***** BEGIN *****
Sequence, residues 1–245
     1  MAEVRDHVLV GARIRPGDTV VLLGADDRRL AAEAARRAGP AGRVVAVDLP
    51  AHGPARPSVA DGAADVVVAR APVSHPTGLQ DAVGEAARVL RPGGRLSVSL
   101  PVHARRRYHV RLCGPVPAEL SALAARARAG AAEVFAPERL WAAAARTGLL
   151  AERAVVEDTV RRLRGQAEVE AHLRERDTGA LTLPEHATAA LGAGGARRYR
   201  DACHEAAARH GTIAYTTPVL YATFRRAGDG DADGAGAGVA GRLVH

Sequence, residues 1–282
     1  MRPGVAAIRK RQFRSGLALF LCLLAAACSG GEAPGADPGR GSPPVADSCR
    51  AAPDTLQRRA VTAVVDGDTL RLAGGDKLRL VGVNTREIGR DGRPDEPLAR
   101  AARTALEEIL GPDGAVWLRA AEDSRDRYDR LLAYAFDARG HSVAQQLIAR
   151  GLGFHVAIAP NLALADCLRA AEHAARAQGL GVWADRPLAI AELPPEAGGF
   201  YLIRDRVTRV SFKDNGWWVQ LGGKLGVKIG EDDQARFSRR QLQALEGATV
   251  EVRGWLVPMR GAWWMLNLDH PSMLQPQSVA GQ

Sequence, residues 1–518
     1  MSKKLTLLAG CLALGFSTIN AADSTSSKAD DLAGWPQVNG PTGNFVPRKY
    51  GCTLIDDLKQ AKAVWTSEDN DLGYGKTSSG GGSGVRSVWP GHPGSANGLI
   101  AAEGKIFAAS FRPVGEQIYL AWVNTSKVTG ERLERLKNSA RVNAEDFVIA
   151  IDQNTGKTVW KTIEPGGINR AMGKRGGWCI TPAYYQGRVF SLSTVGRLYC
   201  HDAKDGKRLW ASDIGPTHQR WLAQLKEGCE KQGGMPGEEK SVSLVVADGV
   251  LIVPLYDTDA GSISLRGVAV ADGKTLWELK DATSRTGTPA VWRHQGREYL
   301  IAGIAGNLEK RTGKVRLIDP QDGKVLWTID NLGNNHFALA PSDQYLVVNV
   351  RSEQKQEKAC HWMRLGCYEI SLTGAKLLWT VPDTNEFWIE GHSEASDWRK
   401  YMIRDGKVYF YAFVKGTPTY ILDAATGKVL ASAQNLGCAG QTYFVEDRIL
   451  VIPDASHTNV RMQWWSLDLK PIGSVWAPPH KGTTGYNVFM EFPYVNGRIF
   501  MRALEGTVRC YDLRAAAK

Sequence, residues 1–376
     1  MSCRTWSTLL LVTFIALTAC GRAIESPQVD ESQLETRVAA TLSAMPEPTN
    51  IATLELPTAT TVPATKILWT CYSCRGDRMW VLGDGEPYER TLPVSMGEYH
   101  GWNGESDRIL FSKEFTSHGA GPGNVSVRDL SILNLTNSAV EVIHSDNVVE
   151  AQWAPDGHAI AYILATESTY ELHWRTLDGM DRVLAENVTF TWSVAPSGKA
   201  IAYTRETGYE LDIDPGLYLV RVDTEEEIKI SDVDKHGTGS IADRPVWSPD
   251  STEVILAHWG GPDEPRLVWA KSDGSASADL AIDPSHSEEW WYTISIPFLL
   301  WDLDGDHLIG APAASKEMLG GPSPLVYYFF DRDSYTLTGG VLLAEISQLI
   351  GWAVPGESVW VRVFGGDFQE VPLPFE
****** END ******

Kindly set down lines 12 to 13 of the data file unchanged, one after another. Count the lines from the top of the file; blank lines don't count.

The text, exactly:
   201  YLIRDRVTRV SFKDNGWWVQ LGGKLGVKIG EDDQARFSRR QLQALEGATV
   251  EVRGWLVPMR GAWWMLNLDH PSMLQPQSVA GQ